Junior copywriters and interns: Should you pay?
The business world is full of companies requesting the free service of artists in exchange for a credit or by-line on published work.
Artists often proclaim their indignation on social media at being asked to supply their services for free, saying a by-line does not pay the bills and that those commissioning the work would never ask their plumber or electrician to work for free.
This may be true, however there are a few notable points that need to be considered, both by the business commissioning the work and by the artist.
Free work is the artist’s apprenticeship
When you are in the early stages of your electrical apprenticeship, you don’t go anywhere near live wires on a job site. You learn about and practice the important stuff in a classroom and spend your time on site sweeping sawdust.
Free work is an artist’s classroom and there is nothing wrong in working for free if it is building experience and a portfolio.
To free or not to free
While a uni student or unemployed graduate will likely jump at the opportunity to have some work published without pay, most of the decent creative industries students have jobs lined up six months before they leave uni and are building their portfolio for real money. Chances are you will find a willing participant, however expect their work to be that of exactly what they are – a beginner.
There’s nothing wrong with that necessarily, however you should return the favour with training and development so that the artist receives value in return for volunteering.
On occasion you may find a diamond in the rough and their work may be excellent, in which case you should probably start paying them before someone else does!
If you offer a byline as payment to a writer, photographer, videographer or designer with an already established portfolio, consider a “polite” no to be a great result.
On occasion, they may take on the work as part of a strategy to secure future paid work from you, however most artists know the bar will be set at “free”. Generally, if an experienced artist takes on unpaid work, they are probably not all that experienced.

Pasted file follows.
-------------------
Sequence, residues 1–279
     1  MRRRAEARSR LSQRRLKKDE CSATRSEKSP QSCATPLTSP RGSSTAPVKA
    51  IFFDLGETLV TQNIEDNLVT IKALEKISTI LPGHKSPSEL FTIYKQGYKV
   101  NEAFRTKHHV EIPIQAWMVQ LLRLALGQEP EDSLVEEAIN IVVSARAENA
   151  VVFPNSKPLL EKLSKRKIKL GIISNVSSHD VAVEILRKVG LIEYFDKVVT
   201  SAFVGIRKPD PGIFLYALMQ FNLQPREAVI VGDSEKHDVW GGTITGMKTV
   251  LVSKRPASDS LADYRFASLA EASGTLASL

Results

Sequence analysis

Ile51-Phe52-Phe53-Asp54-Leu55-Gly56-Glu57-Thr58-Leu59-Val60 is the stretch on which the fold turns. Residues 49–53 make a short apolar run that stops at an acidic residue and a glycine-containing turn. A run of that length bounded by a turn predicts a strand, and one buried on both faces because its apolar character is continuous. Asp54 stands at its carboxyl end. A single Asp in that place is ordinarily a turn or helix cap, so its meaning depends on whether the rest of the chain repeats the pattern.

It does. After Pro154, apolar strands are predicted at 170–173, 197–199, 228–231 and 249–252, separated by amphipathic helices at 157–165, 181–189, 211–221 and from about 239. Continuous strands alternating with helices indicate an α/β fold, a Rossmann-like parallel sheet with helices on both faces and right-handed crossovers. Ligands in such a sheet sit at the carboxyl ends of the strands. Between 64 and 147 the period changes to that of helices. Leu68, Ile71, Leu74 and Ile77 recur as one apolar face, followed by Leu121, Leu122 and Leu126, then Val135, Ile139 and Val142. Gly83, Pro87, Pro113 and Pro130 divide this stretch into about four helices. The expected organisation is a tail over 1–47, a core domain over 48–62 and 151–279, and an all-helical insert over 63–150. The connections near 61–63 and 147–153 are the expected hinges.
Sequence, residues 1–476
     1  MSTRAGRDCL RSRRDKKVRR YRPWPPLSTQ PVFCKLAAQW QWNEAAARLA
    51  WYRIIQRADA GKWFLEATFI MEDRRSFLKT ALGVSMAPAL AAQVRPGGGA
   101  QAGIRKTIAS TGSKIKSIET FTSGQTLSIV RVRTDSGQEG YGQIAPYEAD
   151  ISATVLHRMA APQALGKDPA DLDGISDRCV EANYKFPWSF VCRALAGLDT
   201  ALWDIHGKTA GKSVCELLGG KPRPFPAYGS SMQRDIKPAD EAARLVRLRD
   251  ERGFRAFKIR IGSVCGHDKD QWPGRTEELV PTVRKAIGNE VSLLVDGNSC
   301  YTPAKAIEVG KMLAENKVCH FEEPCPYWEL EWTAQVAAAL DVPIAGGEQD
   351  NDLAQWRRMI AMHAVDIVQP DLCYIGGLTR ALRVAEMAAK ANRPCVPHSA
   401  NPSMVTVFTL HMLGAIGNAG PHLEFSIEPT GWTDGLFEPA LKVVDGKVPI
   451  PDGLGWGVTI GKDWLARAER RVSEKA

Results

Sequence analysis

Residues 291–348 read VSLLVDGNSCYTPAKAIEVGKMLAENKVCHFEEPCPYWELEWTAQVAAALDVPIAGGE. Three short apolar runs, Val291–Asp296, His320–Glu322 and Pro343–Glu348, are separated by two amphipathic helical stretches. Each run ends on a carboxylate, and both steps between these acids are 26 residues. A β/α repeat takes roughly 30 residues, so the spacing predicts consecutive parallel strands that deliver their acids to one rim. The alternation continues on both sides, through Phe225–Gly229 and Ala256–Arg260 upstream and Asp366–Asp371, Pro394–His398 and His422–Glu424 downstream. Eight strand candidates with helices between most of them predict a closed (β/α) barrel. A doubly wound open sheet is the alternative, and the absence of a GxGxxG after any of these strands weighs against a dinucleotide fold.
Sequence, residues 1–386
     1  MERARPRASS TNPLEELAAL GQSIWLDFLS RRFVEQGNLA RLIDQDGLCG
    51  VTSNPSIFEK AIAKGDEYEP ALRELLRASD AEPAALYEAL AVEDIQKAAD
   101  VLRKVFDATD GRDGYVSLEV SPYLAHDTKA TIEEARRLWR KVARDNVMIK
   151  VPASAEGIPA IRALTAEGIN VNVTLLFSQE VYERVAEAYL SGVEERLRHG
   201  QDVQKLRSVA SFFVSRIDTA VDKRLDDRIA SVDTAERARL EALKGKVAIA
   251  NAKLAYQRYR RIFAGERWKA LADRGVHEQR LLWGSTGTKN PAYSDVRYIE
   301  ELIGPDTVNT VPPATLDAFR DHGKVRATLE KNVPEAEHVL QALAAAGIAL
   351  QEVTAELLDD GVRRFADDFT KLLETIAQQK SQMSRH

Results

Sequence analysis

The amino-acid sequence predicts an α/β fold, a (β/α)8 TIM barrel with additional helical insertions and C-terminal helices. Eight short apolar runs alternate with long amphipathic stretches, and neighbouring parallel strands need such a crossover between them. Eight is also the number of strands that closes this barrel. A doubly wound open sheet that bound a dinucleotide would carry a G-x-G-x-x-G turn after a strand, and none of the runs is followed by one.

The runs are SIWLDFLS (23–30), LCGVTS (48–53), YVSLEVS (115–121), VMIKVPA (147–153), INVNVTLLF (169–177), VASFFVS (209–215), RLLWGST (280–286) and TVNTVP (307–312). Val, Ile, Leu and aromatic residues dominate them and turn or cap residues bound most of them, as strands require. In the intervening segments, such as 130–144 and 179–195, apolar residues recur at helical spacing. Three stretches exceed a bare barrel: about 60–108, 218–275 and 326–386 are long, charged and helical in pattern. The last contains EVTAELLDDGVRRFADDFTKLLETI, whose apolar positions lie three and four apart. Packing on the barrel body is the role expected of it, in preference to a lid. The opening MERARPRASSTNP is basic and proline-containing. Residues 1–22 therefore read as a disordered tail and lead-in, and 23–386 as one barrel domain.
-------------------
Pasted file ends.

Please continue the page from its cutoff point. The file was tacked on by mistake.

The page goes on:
Moreover, if you negotiate ruthlessly on price and squeeze margins, many artists will respond by taking the reduced pay and producing mediocre work.
An artist with a sound business mind will (and should) produce the same quality output regardless of the negotiated price, however don’t rely it.
Exposure maketh the artist
With digital media, art is inherently shareable. Plumbing is not. Some artists will make work “already produced” in their portfolio available for use on projects aligned with their positioning – with an appropriate by-line – to help build their profile. However, if you require bespoke work from an experienced professional, expect to pay.
Poor content can be damaging
In an age where audiences are becoming increasingly harder to reach with interruptive advertising, bringing audiences to your business with quality content is an essential marketing strategy. Plenty of businesses realise this. Few are doing it well.
You should decide how you want to be represented through your content. It might well be basic work that with a little editing is suitable for student or junior, but bear in mind that the not only will it be that of a beginner, they will also be poorly equipped to advise on best practices.
Moreover, if the content is poor, it will actually do more damage than good, decreasing the credibility of any future content you produce.
As a writer, the only way to improve your writing is by writing. Natural ability helps, as does reading, but neither is a substitute for practice. The same goes for photography, design, videography and pretty much everything else in life.
There is nothing wrong with offering unpaid work to juniors or students to help them build their experience, portfolio and profile, just expect the work to require some polishing and ensure you return the favour with training and development.
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